In an Autry Libraries blog posted July 5, 2011, the role of one of the greatest western movies ever made, HIGH NOON, starring Gary Cooper and Grace Kelly, is highlighted as helping in the fall of Poland, a fall that precipitated the end of the communist bloc.
It’s a remarkable story that clearly points out the power of a well-told western tale even in Poland, a land far removed from New Mexico Territory and the town of Hadleyville. The human values that appealed to an American audience in the 50s could still touch the heart of Poles who sought a better life for themselves and their families in 1989. The bravery of Will Kane, in the face of overwhelming odds, rang a deep note to those who faced an oppressive, ruthless rule in their own country.
“Cowboys over Communists” reminded me that the Westerns I loved so much as a youth often dealt with the harsh, cold realities of right and wrong and good and evil, and taught young impressionable kids like me virtues we have been unable to shake even in these troubled times, when those same virtues are often called into question if not under fire.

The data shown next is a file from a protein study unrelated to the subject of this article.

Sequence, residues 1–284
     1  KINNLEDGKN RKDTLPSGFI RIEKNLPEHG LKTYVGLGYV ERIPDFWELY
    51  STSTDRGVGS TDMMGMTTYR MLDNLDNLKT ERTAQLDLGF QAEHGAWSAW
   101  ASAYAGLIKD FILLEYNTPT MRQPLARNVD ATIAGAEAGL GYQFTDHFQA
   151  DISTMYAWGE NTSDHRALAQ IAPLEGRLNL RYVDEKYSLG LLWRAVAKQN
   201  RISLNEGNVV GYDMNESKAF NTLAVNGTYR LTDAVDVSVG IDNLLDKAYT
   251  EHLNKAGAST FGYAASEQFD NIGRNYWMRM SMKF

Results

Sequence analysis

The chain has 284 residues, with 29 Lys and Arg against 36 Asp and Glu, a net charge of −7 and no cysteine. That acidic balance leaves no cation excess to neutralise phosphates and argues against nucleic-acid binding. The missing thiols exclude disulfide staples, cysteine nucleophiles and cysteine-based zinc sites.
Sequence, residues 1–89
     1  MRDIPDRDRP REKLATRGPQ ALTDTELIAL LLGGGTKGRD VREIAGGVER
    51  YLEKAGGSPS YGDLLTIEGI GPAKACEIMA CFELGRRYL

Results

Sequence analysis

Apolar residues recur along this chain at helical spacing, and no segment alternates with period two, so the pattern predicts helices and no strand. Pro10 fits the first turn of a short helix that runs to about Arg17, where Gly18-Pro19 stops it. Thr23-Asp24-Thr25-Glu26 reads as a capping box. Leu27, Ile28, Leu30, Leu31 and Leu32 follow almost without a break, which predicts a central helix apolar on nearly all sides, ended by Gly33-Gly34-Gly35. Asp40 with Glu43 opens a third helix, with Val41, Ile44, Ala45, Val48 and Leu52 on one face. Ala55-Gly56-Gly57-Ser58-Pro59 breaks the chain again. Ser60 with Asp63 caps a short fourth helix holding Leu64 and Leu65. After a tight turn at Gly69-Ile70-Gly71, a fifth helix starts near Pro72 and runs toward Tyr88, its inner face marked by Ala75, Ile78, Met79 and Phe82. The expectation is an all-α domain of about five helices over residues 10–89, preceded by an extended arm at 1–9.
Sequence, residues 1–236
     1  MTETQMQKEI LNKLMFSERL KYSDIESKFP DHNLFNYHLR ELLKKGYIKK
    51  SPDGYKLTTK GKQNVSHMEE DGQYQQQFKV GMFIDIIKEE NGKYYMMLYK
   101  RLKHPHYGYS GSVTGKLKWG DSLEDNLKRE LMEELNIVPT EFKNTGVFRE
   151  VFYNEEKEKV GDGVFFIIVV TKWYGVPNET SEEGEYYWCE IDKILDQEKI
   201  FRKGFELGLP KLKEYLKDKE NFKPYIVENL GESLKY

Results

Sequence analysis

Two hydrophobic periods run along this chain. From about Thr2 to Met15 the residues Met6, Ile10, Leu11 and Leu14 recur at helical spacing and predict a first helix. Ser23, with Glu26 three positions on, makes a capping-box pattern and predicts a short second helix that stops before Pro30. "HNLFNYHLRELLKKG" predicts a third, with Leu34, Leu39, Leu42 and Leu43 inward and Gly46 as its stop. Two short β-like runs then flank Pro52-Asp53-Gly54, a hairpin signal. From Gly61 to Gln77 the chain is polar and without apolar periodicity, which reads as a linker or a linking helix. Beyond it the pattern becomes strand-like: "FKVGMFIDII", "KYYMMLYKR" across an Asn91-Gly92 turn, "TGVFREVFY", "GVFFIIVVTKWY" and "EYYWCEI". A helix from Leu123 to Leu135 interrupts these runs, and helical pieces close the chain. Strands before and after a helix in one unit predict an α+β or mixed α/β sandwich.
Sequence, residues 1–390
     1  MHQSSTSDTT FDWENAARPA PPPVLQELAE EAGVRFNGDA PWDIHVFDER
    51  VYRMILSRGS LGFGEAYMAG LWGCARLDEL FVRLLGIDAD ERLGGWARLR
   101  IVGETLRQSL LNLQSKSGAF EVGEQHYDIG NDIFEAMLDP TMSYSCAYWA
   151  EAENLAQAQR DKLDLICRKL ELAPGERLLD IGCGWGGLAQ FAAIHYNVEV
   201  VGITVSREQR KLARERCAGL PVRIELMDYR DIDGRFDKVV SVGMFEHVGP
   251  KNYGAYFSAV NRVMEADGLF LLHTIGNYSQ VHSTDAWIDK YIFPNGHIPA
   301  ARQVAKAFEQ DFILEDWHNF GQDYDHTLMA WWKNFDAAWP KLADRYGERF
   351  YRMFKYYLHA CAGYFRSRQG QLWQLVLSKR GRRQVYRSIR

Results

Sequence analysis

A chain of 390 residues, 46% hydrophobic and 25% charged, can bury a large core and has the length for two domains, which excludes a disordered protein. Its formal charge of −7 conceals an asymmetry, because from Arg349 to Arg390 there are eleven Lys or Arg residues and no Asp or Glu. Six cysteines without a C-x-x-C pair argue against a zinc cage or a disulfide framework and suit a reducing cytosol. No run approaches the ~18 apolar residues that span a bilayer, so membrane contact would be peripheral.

The values of most people in the world haven’t changed, but today they are often hard to find. If you love Westerns stand up for them, and for the values that made good Westerns great, just like Will Kane and Lech Walesa stood up for what they believed in.
John Putnam is the author of Hangtown Creek, a thrilling saga of the early California gold rush.